Results

FVIII expression in T2F8 transgenic mice

We generated transgenic mice expressing endothelium-specific hFVIII by using a 10.7-kb insert of mouse Tie2 promoter-driven hBDDFVIII with the Tie2 enhancer construct (T2F8; Figure 1A). Germ line transmission was established, and transgene positive offspring were mated with FVIIInull mice to generate mice that express the T2F8 transgene without expression of normal murine FVIII. The copy number of T2F8 transgene was determined by quantitative real-time PCR. There was one copy of T2F8 gene per cell in T2F8tg+/− and 2 copies per cell in T2F8tg+/+ mice.

Figure 1

T2F8 transgene construct and genetic analysis. (A) Schematic diagram of transgene construct. T2F8 cassette (from 5′ to 3′): neomycin resistance, the murine Tie2 gene promoter (Tie2 promoter), chimeric intron, human B-domain deleted factor FVIII, poly A, and the Tie2 enhancer. (B) RT-PCR analysis shows that spliced T2F8 transgene mRNA (518 bp) is detected in the tissues from T2F8 transgenic mice. The housekeeping gene, HPRT, was used as an internal control (bottom panel).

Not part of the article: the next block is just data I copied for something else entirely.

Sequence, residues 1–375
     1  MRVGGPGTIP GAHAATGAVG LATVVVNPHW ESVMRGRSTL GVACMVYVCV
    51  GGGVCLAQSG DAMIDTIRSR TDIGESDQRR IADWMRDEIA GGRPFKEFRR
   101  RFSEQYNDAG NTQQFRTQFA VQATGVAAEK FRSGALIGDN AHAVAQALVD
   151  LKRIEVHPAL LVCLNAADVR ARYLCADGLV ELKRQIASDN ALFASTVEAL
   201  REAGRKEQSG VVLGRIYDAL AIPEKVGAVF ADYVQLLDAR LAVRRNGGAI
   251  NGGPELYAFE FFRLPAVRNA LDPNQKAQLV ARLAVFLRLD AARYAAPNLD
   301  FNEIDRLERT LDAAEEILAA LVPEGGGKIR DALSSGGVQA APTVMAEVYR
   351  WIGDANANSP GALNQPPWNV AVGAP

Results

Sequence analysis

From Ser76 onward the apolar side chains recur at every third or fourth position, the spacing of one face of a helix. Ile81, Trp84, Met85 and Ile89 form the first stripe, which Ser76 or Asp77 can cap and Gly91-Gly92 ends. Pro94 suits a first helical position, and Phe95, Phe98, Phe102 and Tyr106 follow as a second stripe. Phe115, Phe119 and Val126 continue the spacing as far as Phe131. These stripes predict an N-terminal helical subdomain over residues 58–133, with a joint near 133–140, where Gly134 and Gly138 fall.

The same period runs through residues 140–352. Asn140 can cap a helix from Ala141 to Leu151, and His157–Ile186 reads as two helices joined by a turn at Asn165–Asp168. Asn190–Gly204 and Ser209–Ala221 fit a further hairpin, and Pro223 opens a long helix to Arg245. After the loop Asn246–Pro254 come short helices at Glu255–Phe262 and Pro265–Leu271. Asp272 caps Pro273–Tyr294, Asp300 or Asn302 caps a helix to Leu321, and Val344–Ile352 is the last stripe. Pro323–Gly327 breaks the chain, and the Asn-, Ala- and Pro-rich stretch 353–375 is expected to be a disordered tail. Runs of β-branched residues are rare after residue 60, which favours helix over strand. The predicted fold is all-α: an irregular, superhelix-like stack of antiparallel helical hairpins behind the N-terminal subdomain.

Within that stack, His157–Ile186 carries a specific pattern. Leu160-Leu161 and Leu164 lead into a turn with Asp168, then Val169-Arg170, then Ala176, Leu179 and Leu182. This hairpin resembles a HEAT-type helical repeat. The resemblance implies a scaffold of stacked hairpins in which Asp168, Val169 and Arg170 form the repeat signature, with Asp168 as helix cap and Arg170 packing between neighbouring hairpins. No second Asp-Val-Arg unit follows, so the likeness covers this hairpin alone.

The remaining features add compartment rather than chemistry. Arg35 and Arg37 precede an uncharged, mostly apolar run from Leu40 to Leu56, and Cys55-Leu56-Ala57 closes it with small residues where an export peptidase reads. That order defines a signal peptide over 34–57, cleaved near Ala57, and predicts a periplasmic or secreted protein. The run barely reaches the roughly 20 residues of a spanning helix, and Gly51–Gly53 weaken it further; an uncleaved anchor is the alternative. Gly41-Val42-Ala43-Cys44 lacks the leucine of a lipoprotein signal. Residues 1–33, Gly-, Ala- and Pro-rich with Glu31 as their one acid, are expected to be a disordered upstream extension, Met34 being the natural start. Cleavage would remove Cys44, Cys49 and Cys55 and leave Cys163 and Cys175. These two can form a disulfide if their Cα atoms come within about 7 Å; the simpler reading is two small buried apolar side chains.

The human FVIII transgene mRNA was amplified from total RNA by RT-PCR using primers designed to amplify a 518-bp fragment across the 132-bp β-globin/IgG intron, allowing us to distinguish spliced mRNA from the 650-bp genomic DNA product. With tissues from T2F8Tg mice, the 518-bp fragment was most abundant in lung and heart tissues, followed by liver, brain and kidney, and was weakest in spleen (Figure 1B). In contrast, no signal was amplified from similar FVIIInull tissue samples. The HPRT internal control was amplified from all samples, demonstrating the RNA quality for each sample.